Is philosophy deaf to the sound of the personal voice? While
philosophy is experienced at admiring, resenting, celebrating, and,
at times, renouncing language, philosophers have rarely succeeded
in being intimate with it. Hagi Kenaan argues that philosophy's
concern with abstract forms of linguistic meaning and the
objective, propositional nature of language has obscured the
singular human voice. In this strikingly original work Kenaan
explores the ethical and philosophical implications of recognizing
and responding to the individual presence in language.
In pursuing the philosophical possibility of listening to
language as the embodiment of the human voice, Kenaan explores the
phenomenological notion of the "personal." He defines the personal
as the irresolvable tension that exists between the public
character of language, necessary for intelligibility, and the ways
in which we, as individuals, remain riveted to our words in a
contingently singular manner.
The Present Personal fuses phenomenology and aesthetics
and the traditions of Continental and Anglo-American philosophy,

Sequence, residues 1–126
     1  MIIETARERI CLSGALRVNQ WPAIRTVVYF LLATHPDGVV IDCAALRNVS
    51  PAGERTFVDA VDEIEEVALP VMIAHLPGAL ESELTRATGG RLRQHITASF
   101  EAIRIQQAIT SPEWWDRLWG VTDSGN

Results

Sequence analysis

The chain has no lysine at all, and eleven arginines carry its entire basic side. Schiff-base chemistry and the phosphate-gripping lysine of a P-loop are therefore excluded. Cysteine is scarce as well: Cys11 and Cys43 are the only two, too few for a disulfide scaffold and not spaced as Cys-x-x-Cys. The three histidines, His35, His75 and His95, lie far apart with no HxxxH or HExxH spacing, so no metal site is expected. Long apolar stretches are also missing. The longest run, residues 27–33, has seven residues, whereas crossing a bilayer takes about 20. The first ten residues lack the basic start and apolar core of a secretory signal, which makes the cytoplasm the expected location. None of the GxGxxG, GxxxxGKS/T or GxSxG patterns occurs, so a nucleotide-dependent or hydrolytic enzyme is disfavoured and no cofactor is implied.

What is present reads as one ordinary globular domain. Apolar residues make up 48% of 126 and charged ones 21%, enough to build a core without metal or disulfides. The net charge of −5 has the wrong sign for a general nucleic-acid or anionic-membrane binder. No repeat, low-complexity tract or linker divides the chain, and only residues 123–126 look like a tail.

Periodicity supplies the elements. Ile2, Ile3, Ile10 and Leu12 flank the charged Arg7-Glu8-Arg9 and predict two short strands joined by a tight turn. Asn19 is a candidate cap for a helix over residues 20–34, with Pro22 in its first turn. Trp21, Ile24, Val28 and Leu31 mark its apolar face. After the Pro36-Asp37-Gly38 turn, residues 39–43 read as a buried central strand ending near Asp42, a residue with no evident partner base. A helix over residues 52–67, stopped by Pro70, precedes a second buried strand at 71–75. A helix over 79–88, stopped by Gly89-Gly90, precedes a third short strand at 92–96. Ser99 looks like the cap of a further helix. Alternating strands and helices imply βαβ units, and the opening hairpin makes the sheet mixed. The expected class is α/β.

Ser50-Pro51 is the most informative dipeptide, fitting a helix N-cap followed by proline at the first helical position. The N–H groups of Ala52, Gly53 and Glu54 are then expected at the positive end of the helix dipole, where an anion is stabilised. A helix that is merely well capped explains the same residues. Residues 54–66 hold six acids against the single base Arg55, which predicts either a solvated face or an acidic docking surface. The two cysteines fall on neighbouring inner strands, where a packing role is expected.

drawing on Wittgenstein, J. L. Austin, Kant, Kierkegaard, and
Heidegger as well as literary works by Kafka, Kundera, and others.
By asking new questions and charting fresh terrain, Kenaan does
more than offer innovative investigations into the philosophy of
language; The Present Personal, and its concern with the
intimate and personal nature of language, uncovers the ethical
depth of our experience with language.
Kenaan begins with a discussion of Kierkegaard's existential
critique of language and the ways in which the propositional
structure of language does not allow the spoken to reflect the
singularity of the self. He then compares two attempts to subvert
the "hegemony of content": the pragmatic turn of J. L. Austin and
the poetic path of Heidegger. Kenaan concludes by turning to Kant
and discovering an analogy between the experience of meaning in
language and the aesthetic experience of encountering beauty.
Kenaan's reconceptualization of philosophy's approach to language
frees the contingent singularity of language while, at the same
time, permitting it to continue to dwell within the confines of
Subjects: Linguistics, Philosophy
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